Here’s the thing: if you take the view that the insurgents in Iraq were civilians under international law, you forfeit the authority to use the term civilians in the moral sense of noncombattant innocents who ought never be assailed. 

    KJH’s comment pours forth moral outrage.  He is not, primarily at least, speaking legally.  His use of the term civilians is therefore, I would submit, inappropriate.

  9. (I take no position on the justness or legality of Pantano’s killings, though even on friendly evidence it does not look pretty.  And certainly the 60 rounds was desecration.)

  10. Nathan,

    It does not matter what they were.  Pantano detained them; as a result, they were entitled to humane treatment whether they were POWs or civilians or anything else.  Killing someone outside of combat is a war crime.  Pantano can claim self-defense as a defense to that war crime all he wants; I think it’s ludicrous to conclude that Pantano honestly and reasonably believed that he had to shoot the two men 60 times, reloading in the middle, because he was in imminent danger of death or serious bodily harm.

  11. Kevin,

    Thanks for the reply.  I agree that it does not matter whether or not they were insurgents as concerns their right to humane treatment as detainees.  I’ll just note that the (undoubted) desecration does not prove the killings were murder rather than self-defense, although it certainly reflects poorly on Pantano’s state of mind.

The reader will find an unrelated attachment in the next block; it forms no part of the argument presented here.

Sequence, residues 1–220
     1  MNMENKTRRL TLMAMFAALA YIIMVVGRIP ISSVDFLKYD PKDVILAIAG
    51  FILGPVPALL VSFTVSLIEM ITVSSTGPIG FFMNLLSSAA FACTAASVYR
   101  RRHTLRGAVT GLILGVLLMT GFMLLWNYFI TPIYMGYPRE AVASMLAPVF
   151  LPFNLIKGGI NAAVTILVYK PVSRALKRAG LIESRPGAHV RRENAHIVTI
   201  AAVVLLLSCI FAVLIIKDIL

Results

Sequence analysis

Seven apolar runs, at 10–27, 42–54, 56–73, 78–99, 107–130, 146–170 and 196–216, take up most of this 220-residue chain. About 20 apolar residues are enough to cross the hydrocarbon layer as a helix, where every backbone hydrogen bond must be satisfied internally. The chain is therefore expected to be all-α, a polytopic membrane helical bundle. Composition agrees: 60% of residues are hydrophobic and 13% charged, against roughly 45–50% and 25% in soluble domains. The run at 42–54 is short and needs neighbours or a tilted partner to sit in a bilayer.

My point, though, was different.  It had to do with what I believe is a pernicious confusion between the technical legal definition of civilian and the broader moral use of the term.  It is arguable that the Iraqi insurgents were, technically, legally civilians under Geneva.  But they were not moral civilians in the sense of innocent noncombatants.  To say that Pantano intentionally killed innocent noncombatants is a different and stronger statement than to say that he intentionally killed insurgents who were entitled to human treatment. 

    Legally, in this context:
    “Pantano murdered civilians” = “Pantano murdered unlawful combatants”

    Morally:
    “Pantano murdered civilians” = “Pantano murdered innocent noncombatants”

    You just can’t make the first statement while investing it with the moral significance of the second.

  12. Nathan,

    Fair point; I probably should have avoided the word.  Having followed the case from the beginning, though, I am not remotely convinced they men were part of an organized armed group, making them combatants at all times.  At most, it seems to me, they were civilians who occasionally directly participated in hostilities.  But your point is still valid.

  13. Thanks much, Kevin.